There is a song in my throat.
I am afraid and choke on the notes
Slipping one by one into this silent desert.
I wait for your answer,
It doesn't come.
Are you lost?
I will find you.
Mute and tired in your nightmare,
Put your monsters in my box.
I will keep them for you
To fight another day.
While you sleep away these dreaming hours,
Stay with me.
Do not go where I cannot follow...
Heathcliff was right, after all.
Thursday, November 11, 2010
So imagine my surprise when I found this clean, stainless, odorless upholstered chair with a lovely floral print (probably circa 1974) in the corner of a Goodwill in Columbus, Ohio. Actually, I take that back. I didn't find it. My best friend Beth did and pointed it out as a joke. I think she was secretly dismayed when I insisted on buying it.
Now I have been searching online for anything comparable to this chair and I can't find anything for less than $170. This gem? $15. Side note: The magazine on the table (pictured below) is the June 1932 issue of The Stage, published by the Theatre Guild (purchased at a theatre book sale for 50 cents).
Bonus? Super comfortable. Madigan loves it.
Here's a close-up view of the fabric and pattern. I apologize for the poor lighting. I'm waiting anxiously for a new camera this Christmas.
Nothing like the perfect chair to curl up in at night for a little light reading of, oh, say, Plato's Republic.
Tuesday, November 9, 2010
Vintage is a sneaky, manipulative word. It's the materialist's nicest of way of saying "used." And it makes buying "used" things seem hip and progressive, rather than trashy and cheap. But the biggest difference between the word "vintage" and the word "second-hand" is in the number of zeros before the decimal point. And you know what bugs me most about "vintage" items? That Fiestaware is just an opinion away from a Goodwill bin. Seriously. That "buyer" who works for the vintage boutique paws through piles of junk to find things that are truly worthy of the label "vintage." So you know what? I'm doing it, too. These "Humble Abode" posts are going to highlight the vintage things in my home. You know why they're vintage? Because I got them secondhand. That's the only qualification. Some things are from thrift stores and garage sales, some have been passed down from my mother and my grandmother, some things were even rescued off the trash heap!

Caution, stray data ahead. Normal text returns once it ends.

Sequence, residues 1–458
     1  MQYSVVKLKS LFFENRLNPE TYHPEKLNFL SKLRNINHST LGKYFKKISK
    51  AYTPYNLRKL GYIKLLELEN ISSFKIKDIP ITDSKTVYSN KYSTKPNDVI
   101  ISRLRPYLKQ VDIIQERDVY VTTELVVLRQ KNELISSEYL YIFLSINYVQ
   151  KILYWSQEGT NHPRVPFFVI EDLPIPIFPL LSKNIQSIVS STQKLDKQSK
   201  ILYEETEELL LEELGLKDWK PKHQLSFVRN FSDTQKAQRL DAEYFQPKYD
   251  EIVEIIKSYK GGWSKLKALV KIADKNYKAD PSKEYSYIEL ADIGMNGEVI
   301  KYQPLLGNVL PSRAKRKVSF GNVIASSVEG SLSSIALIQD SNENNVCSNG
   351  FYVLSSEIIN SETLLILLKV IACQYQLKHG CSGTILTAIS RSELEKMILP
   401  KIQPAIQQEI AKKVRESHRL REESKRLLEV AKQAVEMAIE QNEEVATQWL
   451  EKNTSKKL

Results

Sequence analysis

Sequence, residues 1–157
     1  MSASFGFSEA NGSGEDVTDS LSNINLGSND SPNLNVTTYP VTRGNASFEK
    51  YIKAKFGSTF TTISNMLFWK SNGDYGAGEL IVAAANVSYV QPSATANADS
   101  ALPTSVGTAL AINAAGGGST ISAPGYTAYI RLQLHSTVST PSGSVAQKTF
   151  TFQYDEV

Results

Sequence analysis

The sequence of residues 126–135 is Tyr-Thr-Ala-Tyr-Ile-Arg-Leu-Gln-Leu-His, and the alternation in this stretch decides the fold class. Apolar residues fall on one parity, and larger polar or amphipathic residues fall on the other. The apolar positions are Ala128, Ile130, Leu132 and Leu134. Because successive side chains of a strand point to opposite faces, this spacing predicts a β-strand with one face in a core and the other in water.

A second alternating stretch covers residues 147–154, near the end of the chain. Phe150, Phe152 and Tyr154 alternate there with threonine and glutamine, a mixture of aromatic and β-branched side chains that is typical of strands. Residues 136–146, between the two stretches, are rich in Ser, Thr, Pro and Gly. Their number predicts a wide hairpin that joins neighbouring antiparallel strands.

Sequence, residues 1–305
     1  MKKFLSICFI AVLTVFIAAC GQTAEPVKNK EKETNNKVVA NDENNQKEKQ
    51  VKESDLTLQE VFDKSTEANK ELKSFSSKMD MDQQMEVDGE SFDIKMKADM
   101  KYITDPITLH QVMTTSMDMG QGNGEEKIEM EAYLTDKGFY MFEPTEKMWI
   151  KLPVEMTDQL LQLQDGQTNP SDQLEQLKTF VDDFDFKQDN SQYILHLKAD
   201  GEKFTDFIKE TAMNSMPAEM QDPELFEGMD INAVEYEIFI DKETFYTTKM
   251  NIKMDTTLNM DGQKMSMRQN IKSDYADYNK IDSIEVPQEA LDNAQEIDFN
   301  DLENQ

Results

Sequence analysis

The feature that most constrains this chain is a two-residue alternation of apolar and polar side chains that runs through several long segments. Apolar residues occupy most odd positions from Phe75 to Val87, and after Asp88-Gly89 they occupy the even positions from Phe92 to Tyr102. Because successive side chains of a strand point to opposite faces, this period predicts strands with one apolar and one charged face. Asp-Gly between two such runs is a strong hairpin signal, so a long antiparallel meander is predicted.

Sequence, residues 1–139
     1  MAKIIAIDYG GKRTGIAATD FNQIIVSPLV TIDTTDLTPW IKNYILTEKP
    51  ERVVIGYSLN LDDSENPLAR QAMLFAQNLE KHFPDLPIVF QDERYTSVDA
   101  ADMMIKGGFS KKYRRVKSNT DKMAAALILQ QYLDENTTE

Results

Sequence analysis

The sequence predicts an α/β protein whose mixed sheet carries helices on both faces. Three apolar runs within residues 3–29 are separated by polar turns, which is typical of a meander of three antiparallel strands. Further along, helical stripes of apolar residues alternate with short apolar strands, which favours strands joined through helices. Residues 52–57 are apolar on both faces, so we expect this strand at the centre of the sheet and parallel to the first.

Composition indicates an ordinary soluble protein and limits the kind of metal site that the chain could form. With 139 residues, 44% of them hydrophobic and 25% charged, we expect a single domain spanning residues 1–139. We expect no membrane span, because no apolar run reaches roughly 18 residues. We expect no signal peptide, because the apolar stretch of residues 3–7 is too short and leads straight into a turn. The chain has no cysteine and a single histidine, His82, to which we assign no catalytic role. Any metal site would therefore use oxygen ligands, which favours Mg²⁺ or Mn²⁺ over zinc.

In our entire apartment, I can only legitimately think of three pieces of furniture purchased new. The sofa, an armchair, and an end table (already falling apart, I might add). Everything else is on its second, third, or fourth reincarnation.
I'm excited to share some of them with you!
I love to hunt for dishes. Here's the table set for dinner tonight.
One of my favorite things is to mix old and new dinnerware. So we have the silverware and white square plates that were wedding gifts, the red quilted placemats from my mother's dining room, the green and purple plates from Goodwill, embroidered linen napkins that belonged to my great-grandmother, and copper napkin rings my parents received as a wedding gift.
The green plates and purple dessert dishes were 59 cents a piece at the thrift store and stacked randomly on different shelves. If you can't tell, I'm a fan of the jewel tones. I managed to put a set together after digging through for awhile. Total: $4.72.
Anyone have a favorite set of dishes or tableware that they either use everyday or save for special occasions?
Sunday, November 7, 2010
"Your breast is enough for my heart,
and my wings for your freedom.
What was sleeping above your soul will rise
out of my mouth to heaven.
In you is the illusion of each day.
You arrive like the dew to the cupped flowers.
You undermine the horizon with your absence.
Eternally in flight like the wave.
I have said that you sang in the wind
like the pines and like the masts.
Like them you are tall and taciturn,
and you are sad, all at once, like a voyage.
You gather things to you like an old road.
You are peopled with echoes and nostalgic voices.
I awoke and at times birds fled and migrated
that had been sleeping in your soul."
-Pablo Neruda, "Your Breast Is Enough"
Saturday, November 6, 2010
Normally, I make my grandmother's orange-cranberry jello salad but this year I'm trying something new:
1 12 oz bag cranberries, fresh or frozen (3 1/2 cups)
3/4 c. sugar
1/2 c. apple juice
1/4 c. bourbon
Combine ingredients in saucepan.
Simmer, stirring occasionally, until the cranberries begin to burst and the sauce thickens, 20-25 min. Cool before serving.
- from Real Simple magazine, November 2010, p. 247
So what about you guys? What are your plans for Thanksgiving Day? What traditions do you and your family have? Are you doing anything different this year?